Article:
Review by Brian Tanguay
I have never seen the Salton Sea with my own eyes. My experience of the Colorado Desert is limited to one or two road trips to Palm Springs and another to Las Vegas many years ago, but you can’t learn much about a place from inside a moving vehicle. How the Salton Sea came to be, what it was called before Americans arrived, or why this body of water bears any significance at all are not questions I ever pondered, and if you had asked me to identify even one indigenous group from the area I couldn’t have done so. I’m a native Californian and yet what I know about my home state is dwarfed by my ignorance.
The Salton Sea sits in the lowlands of the Colorado River basin, some two hundred feet below sea level, in the footprint of an ancient body of water known as Lake Cahuilla, home to Native peoples such as the Kumeyaay, Cahuilla, Cocopah, and Quechan, who over millennia learned how to survive periods of flooding and desiccation. As scholar Traci Brynne Voyles notes in The Settler Sea, the naming of the Salton Sea was itself an arbitrary act of hubris by an American settler. As Voyles explains, the Salton Sea is an ecological conundrum and a study in paradoxes, “a wetland in a desert; one of California’s last remaining water resources for migrating birds, as well as a polluted hazardscape; both natural and human-made; a rich ecosystem and an environmental catastrophe.” If one is looking for a microcosm of the settling of the American West, there may be no better example than the Salton Sea.
As an act of intersectional scholarship, The Settler Sea is a remarkable achievement. Voyles is a competent writer with an enviable ability to build a narrative from reams of data, oral histories, census rolls, newspaper accounts and other sources. She gathers many spools of thread and artfully weaves them so the reader sees the links between past and present, the many unintended consequences of colonialism, including the colonization of the Colorado River which sits at the heart of this story, as well as the social and ecological impacts of military bases, corporate agriculture, tourism, and prisons. The picture that emerges by the end of the book is full and complex, but also disturbing when one reflects on the reasons behind all the damage wrought to the region.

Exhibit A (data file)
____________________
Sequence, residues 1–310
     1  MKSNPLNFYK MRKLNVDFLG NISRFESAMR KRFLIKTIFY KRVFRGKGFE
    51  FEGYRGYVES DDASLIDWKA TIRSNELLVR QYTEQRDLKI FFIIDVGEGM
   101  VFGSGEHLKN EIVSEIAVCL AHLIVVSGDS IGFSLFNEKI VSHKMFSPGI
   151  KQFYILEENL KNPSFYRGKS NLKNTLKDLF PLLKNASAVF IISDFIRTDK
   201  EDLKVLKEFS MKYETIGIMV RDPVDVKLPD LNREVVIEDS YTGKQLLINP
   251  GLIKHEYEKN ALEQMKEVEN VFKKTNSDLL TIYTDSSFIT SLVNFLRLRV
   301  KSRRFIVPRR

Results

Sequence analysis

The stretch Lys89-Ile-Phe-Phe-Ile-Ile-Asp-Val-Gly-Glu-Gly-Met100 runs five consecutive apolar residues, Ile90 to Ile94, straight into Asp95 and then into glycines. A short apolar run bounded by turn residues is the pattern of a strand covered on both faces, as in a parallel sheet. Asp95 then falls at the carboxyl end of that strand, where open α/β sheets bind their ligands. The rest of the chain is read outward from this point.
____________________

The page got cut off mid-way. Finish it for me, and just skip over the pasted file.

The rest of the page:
Consider what happened in one twenty-four year period, from 1846 to 1870, when the population of Native Californians went from around 150,000 people to roughly 30,000, a staggering 80 percent decline. As happened elsewhere on the continent, Native people were dispossessed of their traditional lands, water, language and culture, pushed to the margins on undesirable tracts of land, out of sight and mind, except when needed as cheap labor or recruits for America’s wars. The many dams that were built on the Colorado River — from massive Hoover Dam in Nevada to the Imperial Diversion Dam on the Arizona-California border — for the purpose of generating hydro-electric power or irrigation for farmland, dispossessed Native people by inundation. While it’s true that these dams were engineering marvels, their unintended consequences manifest today in drought, pollution, agricultural and industrial run-off, and staggering fish and fowl die offs.
The Salton Sea and the land and mountains that border it defy easy representation. Photographs can’t capture the immensity or reconcile the plant and bird life that exist alongside the settler detritus that litters the shoreline or is revealed as the water evaporates. It’s a vivid example of the difference between exploitation and stewardship; of taking what’s needed while leaving something for the future, as the Native peoples did, and taking everything as white settlers believed was their right. The Settler Sea is a cautionary tale about the consequences of unbridled capitalism, militarism, dryland irrigation, and white supremacy.